Self-Other Similarity Modulates the Socially-Triggered Context-Based Prediction Error Effect on Memory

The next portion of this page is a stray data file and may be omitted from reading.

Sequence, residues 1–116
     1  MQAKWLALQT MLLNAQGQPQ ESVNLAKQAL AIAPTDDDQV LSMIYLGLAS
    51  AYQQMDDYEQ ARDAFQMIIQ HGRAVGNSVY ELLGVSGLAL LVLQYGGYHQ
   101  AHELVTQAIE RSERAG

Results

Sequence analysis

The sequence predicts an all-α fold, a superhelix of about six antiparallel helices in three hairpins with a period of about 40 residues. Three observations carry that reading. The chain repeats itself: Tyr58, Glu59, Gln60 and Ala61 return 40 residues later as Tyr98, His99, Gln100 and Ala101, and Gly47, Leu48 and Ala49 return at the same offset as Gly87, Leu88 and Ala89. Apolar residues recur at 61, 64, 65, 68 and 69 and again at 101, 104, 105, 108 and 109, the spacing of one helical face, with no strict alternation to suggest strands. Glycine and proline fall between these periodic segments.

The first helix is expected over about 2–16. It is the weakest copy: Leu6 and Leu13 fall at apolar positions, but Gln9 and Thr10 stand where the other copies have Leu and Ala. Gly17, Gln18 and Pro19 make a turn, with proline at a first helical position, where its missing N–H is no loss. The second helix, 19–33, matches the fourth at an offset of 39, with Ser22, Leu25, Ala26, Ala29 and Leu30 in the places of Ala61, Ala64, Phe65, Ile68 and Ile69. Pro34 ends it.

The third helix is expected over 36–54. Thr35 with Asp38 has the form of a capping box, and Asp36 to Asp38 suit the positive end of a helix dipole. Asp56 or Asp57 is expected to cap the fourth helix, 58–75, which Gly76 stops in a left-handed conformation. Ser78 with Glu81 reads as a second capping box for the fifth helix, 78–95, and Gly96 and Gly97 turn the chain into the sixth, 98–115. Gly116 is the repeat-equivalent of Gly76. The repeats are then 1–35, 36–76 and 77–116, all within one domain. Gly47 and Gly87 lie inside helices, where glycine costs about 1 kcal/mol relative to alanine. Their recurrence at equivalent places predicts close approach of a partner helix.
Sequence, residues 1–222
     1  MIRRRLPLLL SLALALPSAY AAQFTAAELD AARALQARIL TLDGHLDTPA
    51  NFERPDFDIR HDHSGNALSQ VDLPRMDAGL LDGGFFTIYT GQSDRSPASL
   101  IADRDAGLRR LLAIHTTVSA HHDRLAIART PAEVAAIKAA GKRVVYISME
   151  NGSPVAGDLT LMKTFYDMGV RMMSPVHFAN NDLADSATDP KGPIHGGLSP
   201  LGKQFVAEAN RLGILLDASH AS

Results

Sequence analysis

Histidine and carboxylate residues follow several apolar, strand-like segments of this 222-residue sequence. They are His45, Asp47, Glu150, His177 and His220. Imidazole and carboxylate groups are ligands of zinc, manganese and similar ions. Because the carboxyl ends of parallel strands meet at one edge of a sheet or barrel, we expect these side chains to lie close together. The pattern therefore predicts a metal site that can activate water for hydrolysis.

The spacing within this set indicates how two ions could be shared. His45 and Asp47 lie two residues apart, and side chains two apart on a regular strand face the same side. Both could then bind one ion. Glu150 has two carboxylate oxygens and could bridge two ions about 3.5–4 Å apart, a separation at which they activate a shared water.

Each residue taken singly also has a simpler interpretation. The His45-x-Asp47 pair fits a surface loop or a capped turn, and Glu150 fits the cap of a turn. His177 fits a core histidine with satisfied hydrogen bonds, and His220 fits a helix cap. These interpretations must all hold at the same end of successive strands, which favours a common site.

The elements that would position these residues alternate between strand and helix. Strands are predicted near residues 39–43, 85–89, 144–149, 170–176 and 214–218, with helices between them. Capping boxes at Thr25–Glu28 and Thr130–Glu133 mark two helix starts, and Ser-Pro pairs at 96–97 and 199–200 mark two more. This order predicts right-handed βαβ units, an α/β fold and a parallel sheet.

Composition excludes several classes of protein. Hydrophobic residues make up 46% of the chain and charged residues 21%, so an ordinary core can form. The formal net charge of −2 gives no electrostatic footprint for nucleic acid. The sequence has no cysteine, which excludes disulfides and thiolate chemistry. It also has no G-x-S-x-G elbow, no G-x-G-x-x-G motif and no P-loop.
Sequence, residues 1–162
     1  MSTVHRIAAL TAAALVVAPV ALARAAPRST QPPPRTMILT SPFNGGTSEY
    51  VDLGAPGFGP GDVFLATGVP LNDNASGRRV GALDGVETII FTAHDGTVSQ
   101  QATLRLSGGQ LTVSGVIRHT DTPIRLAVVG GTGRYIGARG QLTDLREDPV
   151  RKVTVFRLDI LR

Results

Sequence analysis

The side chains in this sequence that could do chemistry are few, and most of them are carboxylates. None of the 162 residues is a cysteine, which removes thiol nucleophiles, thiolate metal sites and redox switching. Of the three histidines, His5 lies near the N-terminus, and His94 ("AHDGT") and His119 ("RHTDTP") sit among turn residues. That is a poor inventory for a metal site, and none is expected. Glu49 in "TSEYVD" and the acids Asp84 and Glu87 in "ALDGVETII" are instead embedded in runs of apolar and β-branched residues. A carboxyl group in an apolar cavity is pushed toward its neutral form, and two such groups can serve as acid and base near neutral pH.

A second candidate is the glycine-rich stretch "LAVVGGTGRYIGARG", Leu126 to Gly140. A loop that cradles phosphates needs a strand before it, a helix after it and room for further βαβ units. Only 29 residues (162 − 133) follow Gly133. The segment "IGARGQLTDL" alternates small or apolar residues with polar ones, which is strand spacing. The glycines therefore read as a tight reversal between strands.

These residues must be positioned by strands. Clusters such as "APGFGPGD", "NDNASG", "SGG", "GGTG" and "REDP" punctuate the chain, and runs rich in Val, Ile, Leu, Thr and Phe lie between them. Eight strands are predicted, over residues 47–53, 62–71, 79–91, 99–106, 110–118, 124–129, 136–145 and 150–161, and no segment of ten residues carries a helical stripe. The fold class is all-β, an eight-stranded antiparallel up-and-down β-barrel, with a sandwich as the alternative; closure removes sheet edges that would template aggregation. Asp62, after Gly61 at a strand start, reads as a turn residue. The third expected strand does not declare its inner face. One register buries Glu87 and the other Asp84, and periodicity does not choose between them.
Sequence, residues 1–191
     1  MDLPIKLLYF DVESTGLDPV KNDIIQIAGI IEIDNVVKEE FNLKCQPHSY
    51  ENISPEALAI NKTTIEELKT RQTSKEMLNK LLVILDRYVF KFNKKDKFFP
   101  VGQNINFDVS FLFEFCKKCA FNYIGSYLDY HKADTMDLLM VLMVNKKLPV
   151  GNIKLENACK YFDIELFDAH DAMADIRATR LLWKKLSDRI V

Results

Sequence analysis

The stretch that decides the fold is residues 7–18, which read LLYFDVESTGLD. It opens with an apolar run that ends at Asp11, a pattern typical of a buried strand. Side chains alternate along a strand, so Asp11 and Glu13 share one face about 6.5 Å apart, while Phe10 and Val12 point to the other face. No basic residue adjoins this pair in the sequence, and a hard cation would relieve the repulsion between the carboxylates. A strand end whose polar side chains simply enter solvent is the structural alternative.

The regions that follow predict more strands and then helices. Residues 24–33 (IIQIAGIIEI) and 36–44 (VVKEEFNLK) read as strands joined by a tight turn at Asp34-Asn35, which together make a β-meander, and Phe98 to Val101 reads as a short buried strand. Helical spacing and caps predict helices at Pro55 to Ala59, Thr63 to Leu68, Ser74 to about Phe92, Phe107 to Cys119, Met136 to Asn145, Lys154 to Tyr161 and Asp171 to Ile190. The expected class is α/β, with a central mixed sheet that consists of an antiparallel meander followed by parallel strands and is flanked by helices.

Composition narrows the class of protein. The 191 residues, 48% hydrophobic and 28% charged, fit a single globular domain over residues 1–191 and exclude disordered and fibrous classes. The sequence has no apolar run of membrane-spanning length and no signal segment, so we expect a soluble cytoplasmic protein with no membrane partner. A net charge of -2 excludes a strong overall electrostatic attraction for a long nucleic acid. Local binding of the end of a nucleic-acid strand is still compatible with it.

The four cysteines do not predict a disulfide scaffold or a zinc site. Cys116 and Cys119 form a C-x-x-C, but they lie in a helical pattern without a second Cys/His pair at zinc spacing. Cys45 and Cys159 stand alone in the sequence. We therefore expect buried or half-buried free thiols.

AbstractThe mind is a prediction “machine”, using prior experiences and current information to constantly make predictions about the future. This feature of the cognitive system has numerous consequences for long-term memory. Here, we are interested in the effects these predictions have on memory when invalidated (i.e., prediction errors) during social interactions with either similar or dissimilar social sources. We designed an experiment in which both similar and dissimilar social sources (speakers) recounted experiences similar with those of the listeners but with a different outcome than those of the listeners. We measured participants’ memory for both their own and the two social sources’ experiences. In two experiments, we found that context-based prediction errors triggered during social interactions don’t affect the listeners’ memory for their own experiences but decrease the listeners’ memory for the similar speaker’s experiences compared to the dissimilar speaker’s experiences. This finding has important implications for close relationships.

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